Thursday, March 3, 2016

Can we stop glorifying the rice paddy, please?

Lately, I’ve been thinking a lot about the perceptions we have of child birth in this country, and weirdly how it relates to being told to eat all of your vegetables because there are starving children in (insert country of choice).

Bear with me here.

We all heard this as kids- we needed to clean our plates because children in XYZ didn’t have food and would love to have what we have. In this case, we look to countries of those less fortunate with sympathy… we should relish what we have because others don’t have it.

Now, think about the stories you hear during pregnancy.

Like any woman who has had a baby, I have heard about how women in other countries squat in a rice paddy and give birth before going back to work. What has always struck me as being entirely weird is that this story is told with seeming reverence.  Why should I get a hospital birth and maternity leave? It is clearly unnecessary if women in Asia just pop out kids on their lunch break?

There is an interesting contradiction at work here. When it comes to food, we should eat all we can and take advantage of our plenty because others have none. When it comes to having a child, we should strive to have as little as people in impoverished nations because anything beyond that is excess.

In essence, in the United States we have come to see caring for pregnant women, new moms, and babies as a luxury,, complete with tales of how this is wanton excess. The problem is these tales just aren’t true. Most other cultures allow for more care and consideration of pregnancy and childbirth than we do. Other industrialized nations certainly allow for more in terms of leave to recover from childbirth.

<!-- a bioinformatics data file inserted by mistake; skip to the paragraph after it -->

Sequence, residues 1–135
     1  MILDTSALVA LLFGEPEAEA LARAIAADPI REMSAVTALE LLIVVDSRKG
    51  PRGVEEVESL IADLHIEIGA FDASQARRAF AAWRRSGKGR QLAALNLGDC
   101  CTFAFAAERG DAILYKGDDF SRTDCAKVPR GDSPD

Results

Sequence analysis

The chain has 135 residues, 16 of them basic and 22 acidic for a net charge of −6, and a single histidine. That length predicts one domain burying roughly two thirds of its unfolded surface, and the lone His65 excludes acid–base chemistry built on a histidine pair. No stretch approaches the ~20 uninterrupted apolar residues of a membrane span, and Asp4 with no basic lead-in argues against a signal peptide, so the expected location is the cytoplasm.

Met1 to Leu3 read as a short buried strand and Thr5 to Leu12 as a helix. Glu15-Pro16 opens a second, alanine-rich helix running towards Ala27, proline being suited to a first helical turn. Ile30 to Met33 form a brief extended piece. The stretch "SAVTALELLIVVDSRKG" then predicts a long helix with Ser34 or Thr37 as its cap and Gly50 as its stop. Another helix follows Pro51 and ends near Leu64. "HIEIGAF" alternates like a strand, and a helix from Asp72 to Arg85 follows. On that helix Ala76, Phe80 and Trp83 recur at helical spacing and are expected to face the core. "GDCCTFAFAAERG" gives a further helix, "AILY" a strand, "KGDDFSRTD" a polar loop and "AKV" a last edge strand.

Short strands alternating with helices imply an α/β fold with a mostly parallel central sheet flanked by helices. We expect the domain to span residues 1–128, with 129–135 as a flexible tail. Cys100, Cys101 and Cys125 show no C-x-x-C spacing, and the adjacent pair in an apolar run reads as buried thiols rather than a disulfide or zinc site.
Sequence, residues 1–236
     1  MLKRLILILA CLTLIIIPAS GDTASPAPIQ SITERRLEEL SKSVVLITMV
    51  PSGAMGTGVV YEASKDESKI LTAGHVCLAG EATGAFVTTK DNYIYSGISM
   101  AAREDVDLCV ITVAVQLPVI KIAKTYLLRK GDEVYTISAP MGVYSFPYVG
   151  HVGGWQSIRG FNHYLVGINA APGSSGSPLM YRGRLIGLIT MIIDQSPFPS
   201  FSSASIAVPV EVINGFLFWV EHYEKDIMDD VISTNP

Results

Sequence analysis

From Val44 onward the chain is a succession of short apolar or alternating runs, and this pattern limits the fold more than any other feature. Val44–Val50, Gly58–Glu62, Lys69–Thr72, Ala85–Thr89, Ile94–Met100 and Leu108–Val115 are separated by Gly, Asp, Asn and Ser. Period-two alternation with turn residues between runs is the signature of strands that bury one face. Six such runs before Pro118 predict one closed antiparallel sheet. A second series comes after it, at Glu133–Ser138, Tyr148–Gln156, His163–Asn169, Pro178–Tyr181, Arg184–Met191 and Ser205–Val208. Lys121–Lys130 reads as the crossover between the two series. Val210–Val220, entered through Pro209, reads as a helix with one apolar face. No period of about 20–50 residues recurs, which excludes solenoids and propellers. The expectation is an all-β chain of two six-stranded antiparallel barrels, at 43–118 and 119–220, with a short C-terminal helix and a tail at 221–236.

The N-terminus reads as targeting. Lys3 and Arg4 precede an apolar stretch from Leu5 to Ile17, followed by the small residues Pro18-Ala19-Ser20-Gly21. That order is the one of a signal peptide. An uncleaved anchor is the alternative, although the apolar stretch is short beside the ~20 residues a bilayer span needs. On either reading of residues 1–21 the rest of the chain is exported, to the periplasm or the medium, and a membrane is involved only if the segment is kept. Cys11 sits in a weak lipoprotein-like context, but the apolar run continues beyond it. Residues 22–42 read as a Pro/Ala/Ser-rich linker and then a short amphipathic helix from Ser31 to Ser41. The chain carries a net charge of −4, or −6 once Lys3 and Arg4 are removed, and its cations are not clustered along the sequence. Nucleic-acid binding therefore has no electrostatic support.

In China, new mothers “sit the month” and enjoy help as their community chips in to care for mom and baby. Check out this interesting article from NPR on the practice. Dominican mothers have a 40 day period where they rest while female family members help out. Slate outlines how many Latin American cultures offer similar traditions. 

In fact, compared with most of the world, the US is the proverbial nation of starving children in terms of the haves and have-nots of post partum care.  Just imagine women in Canada or the UK sitting around with a new mom saying "enjoy your time off. If you were in the US, you'd already be back at work!" 

As a working mom, I've heard our cultural attitudes come across frequently. A co-worker once lamented that her employee intended to take her full 12 weeks of maternity leave instead of coming back to work when medically cleared as though this woman was being irrational. We often talk about the career woman who pops back into work after 2 weeks off as though this woman is strong and driven when in fact, this is unhealthy for mom and baby. Whether driven by a fear of the consequences, or financial reasons, I would venture to say that most of these women are not driven by desire to go back to work before her stitches have healed.

So why do we celebrate this? Understanding that it is a personal decision for everyone when and if to return to work, our reverence for those that eschew the very minimal support we offer for working moms in favor of an early return helps build a culture that make getting things like paid leave so difficult. This perpetuates the story that caring for yourself after giving birth means you are needy, or difficult or spoiled. 

Why is the ideal squatting in a rice paddy? 

As a new mom, I have also been told by several other moms that I am lucky to have had a full 12 weeks off, and even gotten paid for some of it. Yes, I am more fortunate than others, but allow me to say with complete certainty that taking full advantage of an insufficient benefit was not luck, and we need to stop saying this to each other. We need to stop glorifying the bare minimum and demand something a little better. 

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